**[0018]**More simple or more complex models can be produced depending on the type of sample, the quality of the images, or the pre-established information on the materials or profiles.

**[0019]**When the modelling is completed it is necessary, as in the case of scatterometry, to resolve a problem in reverse, i.e. by fitting the experimental data to the model by varying the parameters. The problem with these mathematical modelling techniques lies in the fact that, even if the basic modelling functions use simple physical bases, it is not known in reality how the parameters of the mathematical functions are connected to the real physical parameters, due to the simplification of the mathematical functions.

**[0020]**In this context, the aim of the present invention is to provide a method enabling the parameters derived from the physical or mathematical models obtained by measurements of a technique of characterisation by scanning electron microscopy to determine a CD-SEM critical dimension to be used more effectively and more accurately. The method according to the invention is a method for calibrating a parametric CD-SEM technique.

**[0021]**To this end the invention proposes a method of calibrating a technique of characterisation by scanning electron microscopy in order to determine a critical dimension, called a CD-SEM technique, where the said method includes the following steps:

**[0022]**determination of a mapping function transforming at least one parameter obtained by modelling a measurement provided by the CD-SEM technique into a function of at least one parameter representative of a measurement provided by a reference characterisation technique different from the CD-SEM technique, where the said mapping function is characterised by a plurality of coefficients;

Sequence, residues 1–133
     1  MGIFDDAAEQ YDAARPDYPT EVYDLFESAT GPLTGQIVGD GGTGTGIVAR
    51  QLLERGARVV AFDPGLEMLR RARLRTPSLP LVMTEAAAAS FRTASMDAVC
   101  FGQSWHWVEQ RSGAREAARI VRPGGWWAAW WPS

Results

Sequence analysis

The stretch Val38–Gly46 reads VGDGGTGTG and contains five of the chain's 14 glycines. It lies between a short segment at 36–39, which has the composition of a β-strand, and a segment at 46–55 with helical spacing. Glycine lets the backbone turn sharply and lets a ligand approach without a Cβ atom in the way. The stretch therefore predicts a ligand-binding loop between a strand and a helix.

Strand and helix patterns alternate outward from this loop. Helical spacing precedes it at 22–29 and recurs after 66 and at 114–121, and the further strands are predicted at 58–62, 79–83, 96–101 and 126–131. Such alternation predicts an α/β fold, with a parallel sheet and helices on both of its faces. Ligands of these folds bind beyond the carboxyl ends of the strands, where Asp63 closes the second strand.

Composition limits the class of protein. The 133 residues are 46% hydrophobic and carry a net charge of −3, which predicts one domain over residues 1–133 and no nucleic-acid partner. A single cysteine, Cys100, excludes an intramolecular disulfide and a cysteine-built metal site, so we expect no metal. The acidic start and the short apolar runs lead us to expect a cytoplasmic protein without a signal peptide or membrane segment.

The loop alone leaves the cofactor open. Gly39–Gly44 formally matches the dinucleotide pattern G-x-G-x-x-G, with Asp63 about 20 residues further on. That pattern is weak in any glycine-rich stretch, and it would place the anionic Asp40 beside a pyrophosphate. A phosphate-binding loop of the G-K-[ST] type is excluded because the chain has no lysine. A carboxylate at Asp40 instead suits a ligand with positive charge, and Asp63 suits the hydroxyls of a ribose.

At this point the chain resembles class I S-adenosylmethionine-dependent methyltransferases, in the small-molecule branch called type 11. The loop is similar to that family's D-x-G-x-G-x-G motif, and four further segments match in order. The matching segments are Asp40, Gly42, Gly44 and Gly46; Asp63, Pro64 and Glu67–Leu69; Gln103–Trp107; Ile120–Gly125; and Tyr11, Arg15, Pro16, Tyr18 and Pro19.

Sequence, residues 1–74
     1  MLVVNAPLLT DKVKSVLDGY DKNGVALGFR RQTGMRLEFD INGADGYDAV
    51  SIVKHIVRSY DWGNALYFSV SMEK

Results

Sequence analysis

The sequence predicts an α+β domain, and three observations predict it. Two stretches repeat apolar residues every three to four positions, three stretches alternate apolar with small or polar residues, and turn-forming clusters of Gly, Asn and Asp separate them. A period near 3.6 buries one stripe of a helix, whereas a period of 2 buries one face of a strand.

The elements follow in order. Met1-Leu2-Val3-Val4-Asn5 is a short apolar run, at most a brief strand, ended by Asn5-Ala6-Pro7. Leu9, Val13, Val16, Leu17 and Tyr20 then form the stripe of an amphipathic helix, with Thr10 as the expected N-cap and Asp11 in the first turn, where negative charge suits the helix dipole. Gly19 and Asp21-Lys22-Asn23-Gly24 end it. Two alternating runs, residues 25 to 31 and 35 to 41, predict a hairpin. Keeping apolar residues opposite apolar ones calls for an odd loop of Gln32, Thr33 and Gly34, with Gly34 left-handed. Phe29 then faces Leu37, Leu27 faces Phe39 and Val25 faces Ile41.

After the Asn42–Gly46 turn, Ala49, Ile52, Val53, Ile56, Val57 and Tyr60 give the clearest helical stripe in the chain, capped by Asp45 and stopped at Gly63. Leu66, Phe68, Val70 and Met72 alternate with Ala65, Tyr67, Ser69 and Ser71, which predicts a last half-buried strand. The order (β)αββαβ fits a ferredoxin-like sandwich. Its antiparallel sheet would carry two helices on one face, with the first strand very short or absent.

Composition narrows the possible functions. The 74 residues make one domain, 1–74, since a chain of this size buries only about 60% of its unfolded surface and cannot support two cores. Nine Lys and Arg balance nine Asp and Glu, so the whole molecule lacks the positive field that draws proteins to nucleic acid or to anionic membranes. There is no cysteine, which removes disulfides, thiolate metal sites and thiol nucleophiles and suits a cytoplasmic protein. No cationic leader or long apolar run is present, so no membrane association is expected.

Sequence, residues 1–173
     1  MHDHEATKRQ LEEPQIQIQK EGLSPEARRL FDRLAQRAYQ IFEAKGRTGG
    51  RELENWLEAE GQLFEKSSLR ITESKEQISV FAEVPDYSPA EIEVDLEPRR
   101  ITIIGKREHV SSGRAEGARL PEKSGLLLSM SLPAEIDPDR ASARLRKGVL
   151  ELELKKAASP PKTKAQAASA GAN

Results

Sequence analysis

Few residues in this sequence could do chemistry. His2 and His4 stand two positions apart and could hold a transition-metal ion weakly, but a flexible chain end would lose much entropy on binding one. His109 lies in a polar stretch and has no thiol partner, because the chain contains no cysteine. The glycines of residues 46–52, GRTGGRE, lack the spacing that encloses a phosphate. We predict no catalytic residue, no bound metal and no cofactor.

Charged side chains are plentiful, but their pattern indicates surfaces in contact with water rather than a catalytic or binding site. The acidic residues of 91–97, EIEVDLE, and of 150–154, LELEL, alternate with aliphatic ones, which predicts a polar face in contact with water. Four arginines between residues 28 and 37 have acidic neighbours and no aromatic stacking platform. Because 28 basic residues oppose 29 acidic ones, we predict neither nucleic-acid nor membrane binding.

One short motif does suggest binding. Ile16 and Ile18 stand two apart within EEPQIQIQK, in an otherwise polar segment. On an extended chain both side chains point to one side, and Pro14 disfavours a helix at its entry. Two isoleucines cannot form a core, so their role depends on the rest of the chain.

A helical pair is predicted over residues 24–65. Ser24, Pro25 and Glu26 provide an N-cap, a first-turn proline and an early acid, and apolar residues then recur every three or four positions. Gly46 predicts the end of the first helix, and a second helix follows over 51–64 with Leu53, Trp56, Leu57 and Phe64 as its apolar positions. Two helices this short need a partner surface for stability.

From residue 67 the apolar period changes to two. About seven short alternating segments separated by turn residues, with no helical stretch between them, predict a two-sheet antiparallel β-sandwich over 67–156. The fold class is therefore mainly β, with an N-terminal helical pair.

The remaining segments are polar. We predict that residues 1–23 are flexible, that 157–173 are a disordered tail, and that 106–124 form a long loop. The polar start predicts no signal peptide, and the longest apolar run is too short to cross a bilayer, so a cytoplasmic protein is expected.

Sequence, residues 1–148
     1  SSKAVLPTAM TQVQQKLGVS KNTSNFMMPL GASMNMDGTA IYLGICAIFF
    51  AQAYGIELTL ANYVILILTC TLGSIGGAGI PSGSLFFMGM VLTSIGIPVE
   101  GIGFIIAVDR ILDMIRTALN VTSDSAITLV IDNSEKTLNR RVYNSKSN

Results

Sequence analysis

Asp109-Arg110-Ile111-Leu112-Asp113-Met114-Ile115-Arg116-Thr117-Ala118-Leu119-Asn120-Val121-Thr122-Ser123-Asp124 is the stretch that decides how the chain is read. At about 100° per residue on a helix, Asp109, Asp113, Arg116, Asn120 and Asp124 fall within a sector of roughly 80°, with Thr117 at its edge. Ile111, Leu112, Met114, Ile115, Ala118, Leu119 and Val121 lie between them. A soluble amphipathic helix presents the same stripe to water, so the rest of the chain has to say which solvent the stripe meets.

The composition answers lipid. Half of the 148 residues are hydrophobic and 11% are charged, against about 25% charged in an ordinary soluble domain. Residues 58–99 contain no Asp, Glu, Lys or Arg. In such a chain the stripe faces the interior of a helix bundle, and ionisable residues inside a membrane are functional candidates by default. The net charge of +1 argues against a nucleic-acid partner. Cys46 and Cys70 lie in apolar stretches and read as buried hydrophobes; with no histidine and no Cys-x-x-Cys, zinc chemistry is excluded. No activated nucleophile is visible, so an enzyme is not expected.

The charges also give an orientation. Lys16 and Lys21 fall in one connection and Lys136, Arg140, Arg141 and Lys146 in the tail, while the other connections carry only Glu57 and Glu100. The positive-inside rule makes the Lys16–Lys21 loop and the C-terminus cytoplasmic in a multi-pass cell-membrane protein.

**[0023]**making of measurements on a plurality of patterns chosen to cover the field of validity desired for the calibration, where the said measurements are produced using both the CD-SEM technique requiring calibration, and the reference technique;

**[0024]**determination, from the said measurements, of a set of coefficients of the mapping function minimising the distance between the functions of the parameters measured by the reference technique and the application of the mapping function to the parameters obtained by modelling the measurements provided by the CD-SEM technique;

**[0025]**use of the said set of coefficients when using the calibrated CD-SEM technique. The term "critical dimension" is understood to mean the critical dimension(s) of a pattern representing one or more characteristic lengths of the pattern which are critical either for control of the manufacturing process, or to guarantee the electrical performance of the final electronic device consisting of the said patterns.

**[0026]**Generally speaking the invention consists in calibrating a parametric CD-SEM technique (i.e. a technique in which a mathematical or physical model of the CD-SEM image is made) by a richer reference technique, of the AFM, TEM or OCD type. The calibration consists in finding the coefficients of a mapping relationship (model) between the physical parameters determined by AFM, TEM or OCD and the modelling parameters found by the CD-SEM technique. It will be noted that, according to the invention, the calculation threshold of the CD of the CD-SEM technique, which is known often to be arbitrary, and which does not represent the geometrical reality of the pattern, is not modified.